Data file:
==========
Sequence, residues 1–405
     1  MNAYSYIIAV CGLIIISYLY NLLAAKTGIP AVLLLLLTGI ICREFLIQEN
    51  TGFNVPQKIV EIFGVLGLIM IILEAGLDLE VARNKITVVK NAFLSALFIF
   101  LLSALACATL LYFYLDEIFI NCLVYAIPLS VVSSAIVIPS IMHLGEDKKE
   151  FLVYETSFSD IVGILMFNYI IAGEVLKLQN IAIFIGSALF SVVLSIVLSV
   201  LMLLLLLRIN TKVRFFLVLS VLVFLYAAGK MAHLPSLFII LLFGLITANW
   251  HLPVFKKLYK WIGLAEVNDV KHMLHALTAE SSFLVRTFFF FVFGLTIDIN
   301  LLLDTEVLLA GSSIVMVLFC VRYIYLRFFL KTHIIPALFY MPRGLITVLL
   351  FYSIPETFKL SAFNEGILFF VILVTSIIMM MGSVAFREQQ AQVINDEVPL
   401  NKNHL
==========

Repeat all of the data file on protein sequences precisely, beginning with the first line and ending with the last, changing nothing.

Sequence, residues 1–405
     1  MNAYSYIIAV CGLIIISYLY NLLAAKTGIP AVLLLLLTGI ICREFLIQEN
    51  TGFNVPQKIV EIFGVLGLIM IILEAGLDLE VARNKITVVK NAFLSALFIF
   101  LLSALACATL LYFYLDEIFI NCLVYAIPLS VVSSAIVIPS IMHLGEDKKE
   151  FLVYETSFSD IVGILMFNYI IAGEVLKLQN IAIFIGSALF SVVLSIVLSV
   201  LMLLLLLRIN TKVRFFLVLS VLVFLYAAGK MAHLPSLFII LLFGLITANW
   251  HLPVFKKLYK WIGLAEVNDV KHMLHALTAE SSFLVRTFFF FVFGLTIDIN
   301  LLLDTEVLLA GSSIVMVLFC VRYIYLRFFL KTHIIPALFY MPRGLITVLL
   351  FYSIPETFKL SAFNEGILFF VILVTSIIMM MGSVAFREQQ AQVINDEVPL
   401  NKNHL